Coffee With

Coffee With is an app that helps you discover people in your area who share your interests and makes it easy to meet up with them. It matches you with potential friends based on shared interests, then suggests a place and time to meet that fits both your preferences. I designed this concept, branding, UX, prototype, and pitch video as part of a design course in interaction.

2017

chatspace

chatspace was a collaborative project with Marissa Dickson and Mason Goolsby exploring digital intimacy.

We set up a small comfortable space, evocative of a bedroom. Upon entering the space, participants scanned a QR code that brought them to a text-based chatbot we had created, which struck up a conversation.

As the conversation progressed, the chatbot's questions became more personal and existential. At the same time, we simulated a presence in the room by adjusting the music and colors based on the participant's answers to questions about their preferences.

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The goal of the installation was to draw out the tension of communicating with someone online and feeling an emotional connection without experiencing them in any tangible, physical way. We also explored a similar tension of questioning the reality of the chatbot—if it was a bot, if it was a person, if we had rigged the whole thing—and the dissonance of feeling intimacy with something that may not be human.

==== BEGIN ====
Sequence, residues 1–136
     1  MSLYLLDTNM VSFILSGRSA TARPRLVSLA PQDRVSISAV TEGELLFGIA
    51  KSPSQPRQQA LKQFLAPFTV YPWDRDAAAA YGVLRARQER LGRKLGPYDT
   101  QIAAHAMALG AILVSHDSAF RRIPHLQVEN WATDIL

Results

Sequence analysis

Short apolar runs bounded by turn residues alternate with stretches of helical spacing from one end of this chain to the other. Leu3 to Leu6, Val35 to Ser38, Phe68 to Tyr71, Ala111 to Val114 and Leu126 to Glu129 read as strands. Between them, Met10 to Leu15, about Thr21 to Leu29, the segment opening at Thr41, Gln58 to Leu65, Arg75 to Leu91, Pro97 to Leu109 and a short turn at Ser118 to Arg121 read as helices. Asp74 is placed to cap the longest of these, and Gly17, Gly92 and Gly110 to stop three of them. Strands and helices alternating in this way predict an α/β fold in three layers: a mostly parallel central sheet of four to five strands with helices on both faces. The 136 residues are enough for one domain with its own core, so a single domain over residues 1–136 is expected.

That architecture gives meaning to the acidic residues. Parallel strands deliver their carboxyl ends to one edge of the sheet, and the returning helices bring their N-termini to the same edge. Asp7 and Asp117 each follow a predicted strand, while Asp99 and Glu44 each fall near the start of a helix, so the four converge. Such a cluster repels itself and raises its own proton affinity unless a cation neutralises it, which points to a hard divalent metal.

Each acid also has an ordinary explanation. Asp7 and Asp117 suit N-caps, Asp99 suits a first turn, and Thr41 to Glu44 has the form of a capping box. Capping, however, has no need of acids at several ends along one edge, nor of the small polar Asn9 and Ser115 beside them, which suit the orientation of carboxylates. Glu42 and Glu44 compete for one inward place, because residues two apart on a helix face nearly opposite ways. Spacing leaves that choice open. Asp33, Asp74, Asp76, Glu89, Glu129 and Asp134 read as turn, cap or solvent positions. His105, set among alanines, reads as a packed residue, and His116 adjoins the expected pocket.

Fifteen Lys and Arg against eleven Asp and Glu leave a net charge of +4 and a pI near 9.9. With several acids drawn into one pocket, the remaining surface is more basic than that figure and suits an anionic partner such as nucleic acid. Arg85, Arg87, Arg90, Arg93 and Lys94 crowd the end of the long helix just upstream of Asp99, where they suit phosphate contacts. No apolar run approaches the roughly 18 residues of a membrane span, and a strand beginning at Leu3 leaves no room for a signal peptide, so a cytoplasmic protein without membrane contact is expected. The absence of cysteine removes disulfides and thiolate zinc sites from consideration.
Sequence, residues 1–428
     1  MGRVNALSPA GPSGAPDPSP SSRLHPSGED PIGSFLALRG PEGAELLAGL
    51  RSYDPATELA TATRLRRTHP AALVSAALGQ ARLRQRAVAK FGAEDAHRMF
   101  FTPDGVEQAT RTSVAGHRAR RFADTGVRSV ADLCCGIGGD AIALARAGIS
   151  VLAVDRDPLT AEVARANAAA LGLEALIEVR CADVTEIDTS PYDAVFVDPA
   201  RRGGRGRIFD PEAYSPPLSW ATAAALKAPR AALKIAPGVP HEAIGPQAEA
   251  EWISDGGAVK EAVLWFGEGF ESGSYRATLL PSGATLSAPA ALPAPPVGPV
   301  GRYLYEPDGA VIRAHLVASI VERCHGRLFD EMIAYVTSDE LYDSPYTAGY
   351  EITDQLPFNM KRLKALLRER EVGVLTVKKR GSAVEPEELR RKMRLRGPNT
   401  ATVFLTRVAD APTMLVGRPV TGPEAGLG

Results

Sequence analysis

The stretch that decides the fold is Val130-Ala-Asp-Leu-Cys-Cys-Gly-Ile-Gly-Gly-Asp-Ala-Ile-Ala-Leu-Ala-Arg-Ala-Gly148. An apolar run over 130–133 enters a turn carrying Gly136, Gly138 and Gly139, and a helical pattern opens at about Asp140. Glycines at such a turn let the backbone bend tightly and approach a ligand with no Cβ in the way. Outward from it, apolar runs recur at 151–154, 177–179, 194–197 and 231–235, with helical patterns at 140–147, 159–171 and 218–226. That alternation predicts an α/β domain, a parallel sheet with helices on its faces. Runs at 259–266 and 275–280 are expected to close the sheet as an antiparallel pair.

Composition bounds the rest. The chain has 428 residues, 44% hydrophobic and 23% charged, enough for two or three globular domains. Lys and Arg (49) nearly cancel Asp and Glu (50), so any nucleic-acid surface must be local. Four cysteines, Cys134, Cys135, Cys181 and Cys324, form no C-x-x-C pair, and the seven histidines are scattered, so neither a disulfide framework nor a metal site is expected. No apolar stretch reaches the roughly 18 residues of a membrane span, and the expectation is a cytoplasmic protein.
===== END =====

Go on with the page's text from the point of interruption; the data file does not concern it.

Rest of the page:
Experience the digital portion of our installation here.

2018

Persephone

Persephone is a nonlinear digital retelling of the myth of Persephone's descent to the underworld. To piece together the narrative, the reader must navigate through the pages of the website, exploring interactive elements and poem fragments, before making a final choice that decides the ending of the story.

Explore the full project here.

2018

Press One

This piece addresses political radicalization and discomfort. I wanted to recreate the feeling of discomfort when you're faced with viewpoints just slightly more radical than your own.

Users were prompted to press one of two buttons in response to images of protest signs. As the game continued the signs grew more radical, and the buttons pressed caused the animated graphic to change in size and frequency.

I was curious to see how far people got into the progression before abandoning it, and what their graphic looked like when they either reached the end or gave up. The following are all frames from the night of the installation.

2017